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Views on Structure-based design of antiviral drug candidates targeting the SARS-CoV-2 main protease by Dai et al. (2020)



Hasanain Abdulhameed Odhar



Department of pharmacy, Al-Zahrawi University College, Karbala, Iraq



Hasanain Abdulhameed Odhar - Tel: 009647725300923; Email:
hodhar3@gmail.com; *Corresponding author:


Article Type




Received April 23, 2020; Accepted April 24, 2020; Published May 31, 2020



The project for the report Dai et al. (2020) [1] seems to be well funded and the authors had access to many modern facilities and techniques. They were able to successfully design, synthesize and evaluate two lead inhibitors of SARS-CoV-2 main protease. Interestingly, they were able to crystallize protease-inhibitor complex to visualize real chemical interaction involved. According to x-ray diffraction images, they found that the aldehyde group of synthesized
inhibitors is involved in covalent bond with Mpro active site. We can appreciate this finding by noting that computational modeling approaches like docking studies have difficulties in predicting
covalent bonds. The design of these two novel inhibitors may be considered a continuation for several previous attempts of structure-based design of coronavirus main protease inhibitors, for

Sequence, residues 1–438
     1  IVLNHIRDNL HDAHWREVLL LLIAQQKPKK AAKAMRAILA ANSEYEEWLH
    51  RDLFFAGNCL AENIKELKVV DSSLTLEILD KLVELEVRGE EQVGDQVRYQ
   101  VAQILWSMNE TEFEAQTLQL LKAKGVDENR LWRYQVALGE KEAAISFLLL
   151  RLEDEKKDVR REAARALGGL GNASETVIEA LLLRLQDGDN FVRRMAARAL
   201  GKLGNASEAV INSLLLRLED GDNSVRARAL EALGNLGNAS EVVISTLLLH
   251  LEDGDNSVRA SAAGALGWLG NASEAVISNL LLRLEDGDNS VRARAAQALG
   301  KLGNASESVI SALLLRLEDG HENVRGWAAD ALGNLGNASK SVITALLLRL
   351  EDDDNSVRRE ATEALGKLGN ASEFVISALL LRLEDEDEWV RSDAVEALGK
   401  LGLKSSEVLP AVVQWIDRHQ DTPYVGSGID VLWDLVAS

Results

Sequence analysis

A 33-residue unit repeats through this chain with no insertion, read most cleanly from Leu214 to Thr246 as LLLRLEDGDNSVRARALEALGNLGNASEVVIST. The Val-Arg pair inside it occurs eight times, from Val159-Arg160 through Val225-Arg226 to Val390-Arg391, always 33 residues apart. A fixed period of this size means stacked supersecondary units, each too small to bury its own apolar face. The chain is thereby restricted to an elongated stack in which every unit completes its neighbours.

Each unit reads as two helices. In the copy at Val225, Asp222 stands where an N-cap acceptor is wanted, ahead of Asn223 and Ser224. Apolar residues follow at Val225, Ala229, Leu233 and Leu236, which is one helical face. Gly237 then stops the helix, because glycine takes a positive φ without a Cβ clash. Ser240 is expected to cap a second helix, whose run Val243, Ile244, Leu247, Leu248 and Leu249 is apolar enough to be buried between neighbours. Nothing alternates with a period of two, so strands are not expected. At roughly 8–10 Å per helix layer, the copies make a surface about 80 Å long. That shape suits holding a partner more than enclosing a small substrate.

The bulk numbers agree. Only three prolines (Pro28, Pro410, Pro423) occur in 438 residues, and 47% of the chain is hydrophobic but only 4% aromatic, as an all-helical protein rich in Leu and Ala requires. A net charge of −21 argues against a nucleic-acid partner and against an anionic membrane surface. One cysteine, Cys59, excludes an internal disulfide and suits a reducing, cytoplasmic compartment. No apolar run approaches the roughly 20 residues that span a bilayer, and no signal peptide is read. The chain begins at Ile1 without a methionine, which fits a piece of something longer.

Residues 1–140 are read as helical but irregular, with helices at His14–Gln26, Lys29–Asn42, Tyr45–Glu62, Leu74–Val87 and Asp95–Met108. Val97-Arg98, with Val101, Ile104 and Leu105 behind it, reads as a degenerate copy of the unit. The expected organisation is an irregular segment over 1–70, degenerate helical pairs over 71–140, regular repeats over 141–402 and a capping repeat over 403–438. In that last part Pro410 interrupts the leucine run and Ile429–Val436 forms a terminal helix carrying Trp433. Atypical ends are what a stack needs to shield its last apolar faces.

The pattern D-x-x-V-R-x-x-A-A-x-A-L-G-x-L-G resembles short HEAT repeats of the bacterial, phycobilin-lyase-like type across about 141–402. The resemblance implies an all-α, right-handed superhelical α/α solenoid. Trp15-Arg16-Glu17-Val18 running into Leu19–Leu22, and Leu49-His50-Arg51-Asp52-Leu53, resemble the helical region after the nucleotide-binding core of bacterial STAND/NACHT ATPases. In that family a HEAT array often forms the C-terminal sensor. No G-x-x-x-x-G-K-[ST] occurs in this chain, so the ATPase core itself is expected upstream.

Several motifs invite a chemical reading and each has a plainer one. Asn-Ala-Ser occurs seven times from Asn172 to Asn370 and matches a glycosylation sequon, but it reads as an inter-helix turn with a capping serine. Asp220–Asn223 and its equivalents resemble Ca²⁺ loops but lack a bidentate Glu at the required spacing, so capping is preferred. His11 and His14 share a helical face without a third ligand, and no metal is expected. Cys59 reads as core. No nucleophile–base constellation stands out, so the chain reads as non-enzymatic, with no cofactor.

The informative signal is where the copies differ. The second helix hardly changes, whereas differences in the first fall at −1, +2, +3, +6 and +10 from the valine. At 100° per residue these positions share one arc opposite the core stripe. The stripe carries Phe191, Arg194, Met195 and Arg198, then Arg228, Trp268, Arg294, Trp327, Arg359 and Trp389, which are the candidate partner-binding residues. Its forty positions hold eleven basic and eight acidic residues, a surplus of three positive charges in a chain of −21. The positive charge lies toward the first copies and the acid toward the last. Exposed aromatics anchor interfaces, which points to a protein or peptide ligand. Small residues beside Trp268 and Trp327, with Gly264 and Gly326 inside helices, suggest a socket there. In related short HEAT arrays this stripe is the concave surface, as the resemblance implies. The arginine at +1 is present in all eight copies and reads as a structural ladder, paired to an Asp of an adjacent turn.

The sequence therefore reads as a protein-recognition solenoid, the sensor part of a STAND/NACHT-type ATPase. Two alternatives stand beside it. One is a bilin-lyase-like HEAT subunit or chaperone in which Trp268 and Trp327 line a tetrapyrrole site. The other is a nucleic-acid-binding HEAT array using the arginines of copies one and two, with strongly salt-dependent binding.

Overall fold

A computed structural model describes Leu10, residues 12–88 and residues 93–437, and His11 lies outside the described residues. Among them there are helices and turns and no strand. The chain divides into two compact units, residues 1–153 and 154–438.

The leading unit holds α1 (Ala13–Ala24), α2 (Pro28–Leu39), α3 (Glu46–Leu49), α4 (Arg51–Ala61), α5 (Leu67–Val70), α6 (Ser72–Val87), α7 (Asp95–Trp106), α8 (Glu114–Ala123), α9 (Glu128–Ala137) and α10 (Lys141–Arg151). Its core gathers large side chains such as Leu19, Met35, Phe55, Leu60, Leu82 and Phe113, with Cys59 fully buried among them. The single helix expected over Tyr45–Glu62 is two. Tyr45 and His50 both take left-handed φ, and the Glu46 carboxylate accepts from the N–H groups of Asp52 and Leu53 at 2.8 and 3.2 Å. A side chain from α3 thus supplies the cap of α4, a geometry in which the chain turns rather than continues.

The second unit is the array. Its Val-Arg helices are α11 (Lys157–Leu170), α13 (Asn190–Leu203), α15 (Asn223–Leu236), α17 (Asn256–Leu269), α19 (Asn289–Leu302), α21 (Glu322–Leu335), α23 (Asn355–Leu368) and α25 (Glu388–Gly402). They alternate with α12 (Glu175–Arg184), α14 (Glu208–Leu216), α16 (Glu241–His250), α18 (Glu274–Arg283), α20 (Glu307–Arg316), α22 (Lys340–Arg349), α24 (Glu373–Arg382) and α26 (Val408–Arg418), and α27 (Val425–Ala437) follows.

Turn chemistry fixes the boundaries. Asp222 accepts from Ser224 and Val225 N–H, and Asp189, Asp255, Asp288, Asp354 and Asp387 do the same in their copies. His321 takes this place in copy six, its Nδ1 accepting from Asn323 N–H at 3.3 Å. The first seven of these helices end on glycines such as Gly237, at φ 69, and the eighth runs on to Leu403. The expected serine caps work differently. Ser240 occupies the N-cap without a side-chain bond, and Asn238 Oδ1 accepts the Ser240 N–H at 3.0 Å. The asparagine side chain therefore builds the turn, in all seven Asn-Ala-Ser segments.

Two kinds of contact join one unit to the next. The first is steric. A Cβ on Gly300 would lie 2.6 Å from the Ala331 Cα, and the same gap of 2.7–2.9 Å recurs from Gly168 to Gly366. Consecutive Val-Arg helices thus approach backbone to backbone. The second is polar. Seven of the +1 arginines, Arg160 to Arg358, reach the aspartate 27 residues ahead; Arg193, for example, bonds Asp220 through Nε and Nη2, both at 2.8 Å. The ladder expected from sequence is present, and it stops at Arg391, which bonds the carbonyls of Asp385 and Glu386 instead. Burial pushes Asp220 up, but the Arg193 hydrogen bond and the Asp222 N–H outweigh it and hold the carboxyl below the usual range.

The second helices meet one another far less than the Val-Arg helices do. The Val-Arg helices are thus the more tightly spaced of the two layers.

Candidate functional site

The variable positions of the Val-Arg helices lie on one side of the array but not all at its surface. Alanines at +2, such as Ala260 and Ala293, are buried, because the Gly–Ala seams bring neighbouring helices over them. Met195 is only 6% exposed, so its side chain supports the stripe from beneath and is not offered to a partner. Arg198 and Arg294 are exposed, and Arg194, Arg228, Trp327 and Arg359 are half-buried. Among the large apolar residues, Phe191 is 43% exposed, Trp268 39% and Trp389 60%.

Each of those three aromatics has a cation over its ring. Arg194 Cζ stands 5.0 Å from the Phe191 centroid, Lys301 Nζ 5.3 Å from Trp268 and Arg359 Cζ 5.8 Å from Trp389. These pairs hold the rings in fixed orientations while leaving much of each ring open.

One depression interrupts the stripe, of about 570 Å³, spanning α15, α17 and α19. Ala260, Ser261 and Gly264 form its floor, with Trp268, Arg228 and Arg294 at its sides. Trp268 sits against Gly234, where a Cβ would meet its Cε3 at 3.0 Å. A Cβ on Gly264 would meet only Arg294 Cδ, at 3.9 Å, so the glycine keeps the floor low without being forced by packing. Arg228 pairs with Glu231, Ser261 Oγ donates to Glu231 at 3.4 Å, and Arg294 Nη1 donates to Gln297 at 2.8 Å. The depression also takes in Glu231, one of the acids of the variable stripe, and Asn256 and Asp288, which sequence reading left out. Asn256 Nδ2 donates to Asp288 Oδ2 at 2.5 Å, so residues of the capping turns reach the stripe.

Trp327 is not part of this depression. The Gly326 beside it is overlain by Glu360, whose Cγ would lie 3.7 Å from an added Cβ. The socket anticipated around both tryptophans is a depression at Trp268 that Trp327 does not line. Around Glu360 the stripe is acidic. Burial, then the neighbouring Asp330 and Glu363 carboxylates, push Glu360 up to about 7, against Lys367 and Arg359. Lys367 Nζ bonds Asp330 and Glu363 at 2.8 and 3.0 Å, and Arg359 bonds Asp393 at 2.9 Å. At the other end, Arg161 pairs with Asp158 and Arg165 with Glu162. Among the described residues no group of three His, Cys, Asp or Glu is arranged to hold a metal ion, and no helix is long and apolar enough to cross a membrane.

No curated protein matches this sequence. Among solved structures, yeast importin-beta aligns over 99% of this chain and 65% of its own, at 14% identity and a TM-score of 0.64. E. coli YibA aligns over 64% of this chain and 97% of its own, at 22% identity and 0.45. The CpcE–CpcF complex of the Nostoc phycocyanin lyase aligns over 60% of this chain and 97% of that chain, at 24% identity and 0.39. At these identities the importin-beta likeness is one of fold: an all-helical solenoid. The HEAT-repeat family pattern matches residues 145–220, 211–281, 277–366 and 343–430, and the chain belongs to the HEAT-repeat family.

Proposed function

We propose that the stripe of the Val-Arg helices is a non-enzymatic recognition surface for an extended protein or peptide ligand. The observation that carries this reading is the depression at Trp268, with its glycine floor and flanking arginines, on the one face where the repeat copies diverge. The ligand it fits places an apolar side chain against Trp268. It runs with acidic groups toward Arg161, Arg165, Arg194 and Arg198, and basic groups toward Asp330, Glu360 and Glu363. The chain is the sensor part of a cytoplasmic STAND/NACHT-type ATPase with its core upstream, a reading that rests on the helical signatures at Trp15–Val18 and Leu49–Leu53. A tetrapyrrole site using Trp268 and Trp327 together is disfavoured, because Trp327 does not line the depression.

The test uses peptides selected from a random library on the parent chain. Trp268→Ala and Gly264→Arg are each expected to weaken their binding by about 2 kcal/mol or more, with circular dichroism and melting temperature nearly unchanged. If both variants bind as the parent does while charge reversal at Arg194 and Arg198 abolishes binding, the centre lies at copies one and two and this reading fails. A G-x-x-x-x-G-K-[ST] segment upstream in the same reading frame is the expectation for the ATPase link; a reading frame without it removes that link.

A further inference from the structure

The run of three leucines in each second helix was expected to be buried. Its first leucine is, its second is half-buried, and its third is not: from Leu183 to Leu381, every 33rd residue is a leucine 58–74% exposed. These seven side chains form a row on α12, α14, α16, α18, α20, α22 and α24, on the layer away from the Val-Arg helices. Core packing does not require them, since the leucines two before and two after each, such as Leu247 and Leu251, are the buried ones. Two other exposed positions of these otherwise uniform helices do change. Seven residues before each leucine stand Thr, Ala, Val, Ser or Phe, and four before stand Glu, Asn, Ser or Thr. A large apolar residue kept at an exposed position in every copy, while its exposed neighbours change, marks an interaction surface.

example the well-known peptide inhibitor N3. I am only concerned about the interaction between lead inhibitors and water molecules in crystallization images. These water molecules may be active site reserved water or merely the result of crystallization process. It would be interesting to prepare several derivatives of these two lead inhibitors and then establish a structure-activity relationship study. This seems to be crucial for elucidating the structure of core scaffold.



SARS-CoV-2 main protease



Odhar, Bioinformation 16(5): 435-437 (2020)


Edited by

P Kangueane






Biomedical Informatics



This is an Open Access article which permits unrestricted use, distribution, and reproduction in any medium, provided the original work is properly credited. This is distributed under the terms of the Creative Commons Attribution License.